The case for doing nothing
Some argue there is a greater risk of long-term damage if Congress passes a big stimulus bill for the economy, which these experts say is already on the rebound.
NEW YORK (CNNMoney.com) -- Congress will soon debate what kind of economic stimulus package should be passed, but some economists are increasingly wondering whether it's a good idea to approve any stimulus at all.
President-elect Obama again called for quick action Thursday on a yet-unspecified economic stimulus plan that could cost as much $800 billion.
Yet, some argue that the economy is already poised to rebound on its own. They point to steep rate cuts by the Federal Reserve and trillions of dollars in loans and assistance approved by the government in the past year as enough stimulus to get the economy back on track.
In addition, some stimulus skeptics believe that increased government spending will cause more problems than they solve.
Brian Wesbury, chief economist at First Trust Portfolios, said the current economic downturn is due to the financial panic that occurred in September after the bankruptcy of Lehman Brothers. That caused a crisis in financial markets and led to the controversial bailout of Wall Street firms and banks and many new programs by the Fed.
Wesbury said consumers and businesses were more reluctant to spend after the collapse of Lehman led to concerns about how other banks would be in danger if a bailout was not passed.
He said he now fears that similar talk about how bad the economy could get if there isn't a stimulus package could cause further declines in spending.
"In the middle of trying to sell a humongous new stimulus package, we'll be creating new panic," he said.
Wesbury acknowledges his view is a minority one, but he's hardly alone. He and Bob Brusca of FAO Economics said they both see signs that the economy might be ready to turn around already, including an unusually large drop in initial jobless claims this week, and a slight increase in the Conference Board's December reading on business activity in the service sector.
Other economists expressed concerns about the longer-term damage that could be done to the economy by spending so heavily to fix short-term problems.
Peter Schiff, president of Euro Pacific Capital, an investment firm specializing in overseas investments, wrote in a research note the stimulus debate has not done enough to focus on the cost to taxpayers that will come from the programs.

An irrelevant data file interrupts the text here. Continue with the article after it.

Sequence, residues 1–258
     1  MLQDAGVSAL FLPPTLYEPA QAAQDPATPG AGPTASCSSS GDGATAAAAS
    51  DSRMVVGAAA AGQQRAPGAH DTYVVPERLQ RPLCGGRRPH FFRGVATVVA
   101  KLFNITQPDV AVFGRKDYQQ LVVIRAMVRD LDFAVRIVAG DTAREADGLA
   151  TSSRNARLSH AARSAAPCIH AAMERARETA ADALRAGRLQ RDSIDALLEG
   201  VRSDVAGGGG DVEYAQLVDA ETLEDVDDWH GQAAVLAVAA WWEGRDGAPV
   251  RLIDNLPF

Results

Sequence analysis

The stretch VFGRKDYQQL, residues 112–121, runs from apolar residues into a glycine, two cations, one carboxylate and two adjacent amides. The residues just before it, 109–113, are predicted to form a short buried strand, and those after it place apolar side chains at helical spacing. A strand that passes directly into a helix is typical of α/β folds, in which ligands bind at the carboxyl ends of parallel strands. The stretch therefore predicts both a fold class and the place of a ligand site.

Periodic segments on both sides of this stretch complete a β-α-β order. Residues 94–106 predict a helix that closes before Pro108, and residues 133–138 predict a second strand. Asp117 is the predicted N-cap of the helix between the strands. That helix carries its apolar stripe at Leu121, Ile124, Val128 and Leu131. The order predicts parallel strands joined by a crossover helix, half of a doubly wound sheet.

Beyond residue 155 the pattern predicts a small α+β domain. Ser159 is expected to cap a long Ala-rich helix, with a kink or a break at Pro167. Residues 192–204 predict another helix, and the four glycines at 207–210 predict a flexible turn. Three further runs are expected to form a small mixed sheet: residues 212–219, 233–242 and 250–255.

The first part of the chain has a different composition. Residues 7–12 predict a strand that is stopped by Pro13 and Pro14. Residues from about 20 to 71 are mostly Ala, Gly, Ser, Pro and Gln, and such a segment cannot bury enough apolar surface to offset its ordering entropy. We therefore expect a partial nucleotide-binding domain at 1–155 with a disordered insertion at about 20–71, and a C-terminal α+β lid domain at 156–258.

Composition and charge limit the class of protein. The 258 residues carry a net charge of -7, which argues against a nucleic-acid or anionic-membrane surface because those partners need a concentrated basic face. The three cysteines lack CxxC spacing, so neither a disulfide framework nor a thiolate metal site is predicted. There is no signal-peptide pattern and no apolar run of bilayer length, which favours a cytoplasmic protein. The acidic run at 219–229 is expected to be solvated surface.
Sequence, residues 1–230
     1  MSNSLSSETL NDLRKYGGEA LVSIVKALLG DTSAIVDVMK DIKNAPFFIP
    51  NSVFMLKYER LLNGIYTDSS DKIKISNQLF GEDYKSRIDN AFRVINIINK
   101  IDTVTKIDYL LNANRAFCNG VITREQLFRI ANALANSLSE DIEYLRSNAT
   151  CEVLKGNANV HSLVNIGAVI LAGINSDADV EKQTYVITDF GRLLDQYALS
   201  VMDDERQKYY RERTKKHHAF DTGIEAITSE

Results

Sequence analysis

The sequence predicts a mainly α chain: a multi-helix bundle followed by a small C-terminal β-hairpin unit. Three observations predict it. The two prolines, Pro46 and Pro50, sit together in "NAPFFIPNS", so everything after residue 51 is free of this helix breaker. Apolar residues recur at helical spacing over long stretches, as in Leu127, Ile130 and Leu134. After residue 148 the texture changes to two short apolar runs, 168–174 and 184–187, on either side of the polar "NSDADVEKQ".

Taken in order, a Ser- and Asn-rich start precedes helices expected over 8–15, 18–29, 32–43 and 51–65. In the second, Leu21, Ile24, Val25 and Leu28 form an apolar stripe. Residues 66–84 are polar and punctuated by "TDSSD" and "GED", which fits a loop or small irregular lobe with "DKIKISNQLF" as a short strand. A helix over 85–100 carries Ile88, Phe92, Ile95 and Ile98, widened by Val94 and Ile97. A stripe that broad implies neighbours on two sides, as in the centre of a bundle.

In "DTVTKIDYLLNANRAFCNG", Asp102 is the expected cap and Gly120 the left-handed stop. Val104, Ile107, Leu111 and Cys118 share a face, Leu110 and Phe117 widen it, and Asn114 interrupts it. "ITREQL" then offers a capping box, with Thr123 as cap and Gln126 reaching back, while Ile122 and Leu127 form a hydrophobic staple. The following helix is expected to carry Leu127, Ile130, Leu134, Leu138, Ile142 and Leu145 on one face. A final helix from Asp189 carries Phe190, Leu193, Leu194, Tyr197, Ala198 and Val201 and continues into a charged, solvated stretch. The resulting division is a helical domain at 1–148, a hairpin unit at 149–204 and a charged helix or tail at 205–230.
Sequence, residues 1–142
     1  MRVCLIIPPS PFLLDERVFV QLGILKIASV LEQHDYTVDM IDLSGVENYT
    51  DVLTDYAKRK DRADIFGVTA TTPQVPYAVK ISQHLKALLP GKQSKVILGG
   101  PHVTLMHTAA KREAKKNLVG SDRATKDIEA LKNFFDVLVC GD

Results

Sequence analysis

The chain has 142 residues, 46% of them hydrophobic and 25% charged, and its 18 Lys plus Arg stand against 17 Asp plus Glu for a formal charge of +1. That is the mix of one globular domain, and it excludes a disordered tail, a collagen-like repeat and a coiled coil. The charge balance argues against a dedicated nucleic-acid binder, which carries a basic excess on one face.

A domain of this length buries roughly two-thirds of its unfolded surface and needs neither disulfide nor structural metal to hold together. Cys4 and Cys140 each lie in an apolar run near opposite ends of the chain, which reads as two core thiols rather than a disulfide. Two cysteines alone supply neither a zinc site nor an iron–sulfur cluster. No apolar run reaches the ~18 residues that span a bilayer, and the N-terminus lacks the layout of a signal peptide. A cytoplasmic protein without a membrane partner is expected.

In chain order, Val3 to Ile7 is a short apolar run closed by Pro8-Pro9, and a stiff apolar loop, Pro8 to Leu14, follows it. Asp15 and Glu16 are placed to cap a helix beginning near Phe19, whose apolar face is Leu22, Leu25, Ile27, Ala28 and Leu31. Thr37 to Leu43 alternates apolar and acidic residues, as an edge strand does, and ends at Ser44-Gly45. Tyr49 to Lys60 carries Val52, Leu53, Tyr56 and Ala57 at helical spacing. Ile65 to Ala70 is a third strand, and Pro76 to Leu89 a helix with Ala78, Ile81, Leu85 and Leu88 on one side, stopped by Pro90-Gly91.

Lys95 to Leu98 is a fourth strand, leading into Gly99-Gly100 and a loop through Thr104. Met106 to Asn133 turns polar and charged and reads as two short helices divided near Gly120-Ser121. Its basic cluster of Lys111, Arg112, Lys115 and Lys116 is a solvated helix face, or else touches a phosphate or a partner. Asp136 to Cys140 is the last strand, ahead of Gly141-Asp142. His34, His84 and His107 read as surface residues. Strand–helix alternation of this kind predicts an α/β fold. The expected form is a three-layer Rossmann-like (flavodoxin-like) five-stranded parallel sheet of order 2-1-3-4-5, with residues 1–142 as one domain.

"The truth is that the only way out of this mess is less government, more savings, and increased production," Schiff wrote. "Obama's plan is a recipe for economic ruin."
Wesbury said he is pleased by various tax cut proposals being discussed as part of the plan, but he is worried that taxpayers will still have to eventually foot the bill for all the new government spending.
He said the only way to pay for stimulus is by taxing those who are productive, joking that the plan is more like a Ponzi scheme than any creation of wealth.
"Every time we bail somebody out, we have to get that money from somebody else. It's like [Bernard] Madoff," he quipped, referring to the financier accused in a $50 billion securities fraud case.
Other economists added that many of the steps taken so far have not yet had a chance to work. Those efforts may prove to be sufficient enough to stimulate the economy without additional spending.
But since there is so much uncertainty about the economy, some think the government can't afford to wait to see what happens next, especially since this recession is much different in nature than previous ones.
"We have an unprecedented financial crisis being met by an unprecedented policy response," said David Kelly, the chief market strategist for JPMorgan Funds. "The problem is, forecasters work off precedent."
Kelly said he's particularly worried that the economic stimulus plans being discussed, such as construction projects, will take too long to make an impact. Even sending out tax rebate checks, as was done last year, won't necessarily spur spending if people are nervous about the economy.
Kelly said he would prefer cash incentives from the government specifically designed for people to go out and buy a car or a house as a way to jump-start those two battered sectors.
He said the incentive program could be set up so that the amount of money available could drop the longer people take to make the purchase. That way, people willing to spend sooner rather than later would be rewarded and the economy could rebound more quickly.
"The big problem here is we've got a wait-and-see economy," said Kelly. "'Wait and see' are the three most dangerous words in economics."
Brusca agreed that there are major risks of the economy continuing to weaken further. He said that even though "there's a case for not doing anything more," Congress can't afford to wait to act.
"It is gambling on something you can't afford to lose," he said. "You run the risk, if you are being patient, of becoming the patient."
Finally, there are some who believe that the actions taken so far by Congress and the Bush administration, like the $700 billion Troubled Asset Relief Program, or TARP, for banks and Wall Street firms, have done little to help consumers and businesses so far.
"You need something to start the engine," said Rich Yamarone, director of economic research at Argus Research. "Just having a full tank of gas doesn't get you anywhere. TARP is just a full tank of gas."